Spain’s new Conservative Government announced this week a wide ranging plan against fiscal fraud and tax evasion by which it hopes to recoup over 8 billion Euros for treasury coffers in 2012 alone. And it has also announced it will be engaging countries which have ceased to be tax-havens in order to step up the Government’s efforts against tax evasion in Spain.
The ambitious anti-fraud plan will include applying a ceiling on the use of cash payments for certain financial transactions following the model introduced in France and Italy, a voluntary plan for the payment of tax arrears and greater resources for the detection of large scale fraud.
According to Spanish vice-president Soraya Saenz de Santamaria, the new administration will be introducing a raft of measures designed to curb the black economy, money laundering and other illegal financial activities.
Inspections in economic sectors that are considered suspect will also be intensified, greater self regulation for ‘normal’ taxpayers and a more vigorous exchange of information with territories that have ceased to be considered as tax-havens in order to target tax evasion from Spain.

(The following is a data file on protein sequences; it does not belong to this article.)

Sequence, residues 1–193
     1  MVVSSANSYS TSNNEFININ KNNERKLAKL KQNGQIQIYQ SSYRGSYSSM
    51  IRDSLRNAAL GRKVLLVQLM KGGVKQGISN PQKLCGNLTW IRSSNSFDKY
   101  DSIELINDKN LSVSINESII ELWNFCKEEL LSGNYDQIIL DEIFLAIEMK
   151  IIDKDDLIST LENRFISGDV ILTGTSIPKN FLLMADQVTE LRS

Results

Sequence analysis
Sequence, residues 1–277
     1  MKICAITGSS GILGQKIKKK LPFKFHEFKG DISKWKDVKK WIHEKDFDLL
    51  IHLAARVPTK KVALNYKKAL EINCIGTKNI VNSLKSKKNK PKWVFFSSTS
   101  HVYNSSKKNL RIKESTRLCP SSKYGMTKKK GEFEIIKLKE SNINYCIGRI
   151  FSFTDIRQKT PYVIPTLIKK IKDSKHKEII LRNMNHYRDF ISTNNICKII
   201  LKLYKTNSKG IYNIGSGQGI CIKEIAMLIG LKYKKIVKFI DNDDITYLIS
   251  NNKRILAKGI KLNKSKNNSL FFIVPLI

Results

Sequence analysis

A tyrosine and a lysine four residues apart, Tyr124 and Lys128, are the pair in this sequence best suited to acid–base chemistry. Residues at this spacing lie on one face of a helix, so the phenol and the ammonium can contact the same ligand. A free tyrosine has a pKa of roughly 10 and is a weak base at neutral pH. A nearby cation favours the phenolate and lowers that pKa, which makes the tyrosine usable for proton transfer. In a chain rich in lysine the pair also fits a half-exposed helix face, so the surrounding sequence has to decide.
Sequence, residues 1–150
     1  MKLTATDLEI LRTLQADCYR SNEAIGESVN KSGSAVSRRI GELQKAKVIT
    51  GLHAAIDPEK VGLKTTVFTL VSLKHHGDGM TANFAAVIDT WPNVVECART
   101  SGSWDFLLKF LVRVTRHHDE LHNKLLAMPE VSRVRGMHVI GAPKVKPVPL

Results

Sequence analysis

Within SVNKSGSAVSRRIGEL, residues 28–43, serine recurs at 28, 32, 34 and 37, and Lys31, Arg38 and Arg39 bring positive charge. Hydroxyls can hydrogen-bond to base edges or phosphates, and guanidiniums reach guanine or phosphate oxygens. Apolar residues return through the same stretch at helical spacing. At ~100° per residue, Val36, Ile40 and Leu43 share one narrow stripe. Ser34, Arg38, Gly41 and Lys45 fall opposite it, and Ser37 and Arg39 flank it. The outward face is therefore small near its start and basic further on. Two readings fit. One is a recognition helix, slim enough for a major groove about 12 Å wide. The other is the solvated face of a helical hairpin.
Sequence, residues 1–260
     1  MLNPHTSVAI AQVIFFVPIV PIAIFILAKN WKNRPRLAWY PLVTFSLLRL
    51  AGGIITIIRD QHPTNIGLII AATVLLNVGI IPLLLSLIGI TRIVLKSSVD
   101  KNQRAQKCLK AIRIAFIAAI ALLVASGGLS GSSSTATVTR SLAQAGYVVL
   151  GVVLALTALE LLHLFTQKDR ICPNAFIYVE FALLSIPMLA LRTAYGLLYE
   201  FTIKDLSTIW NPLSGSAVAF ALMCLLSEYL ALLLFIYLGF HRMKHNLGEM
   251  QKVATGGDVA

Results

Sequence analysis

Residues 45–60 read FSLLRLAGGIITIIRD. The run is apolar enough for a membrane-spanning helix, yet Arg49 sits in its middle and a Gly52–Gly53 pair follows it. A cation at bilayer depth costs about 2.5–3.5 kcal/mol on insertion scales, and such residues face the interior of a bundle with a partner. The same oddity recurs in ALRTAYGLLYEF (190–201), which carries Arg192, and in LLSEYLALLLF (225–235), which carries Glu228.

As another cost cutting measure, the elimination of public sector financial entities, companies and foundations at both a national and regional scale is also envisaged, a move that had been approved by the previous administration but never put into effect.
“The eradication of over 500 such entities had been agreed whether through actual removals or mergers but in actual fact only 13% were closed down. That is not enough and the cuts have to go much deeper,” said Sra Saenz de Santamaria.
Meanwhile the Banco de España has also been instructed to provide information about the remuneration received by executives from banking and other financial institutions in Spain that have been intervened by the authorities. The purpose of this measure is to put a limit on such earnings.
Vice-president Soraya Saenz de Santamaría, ‘this is the beginning’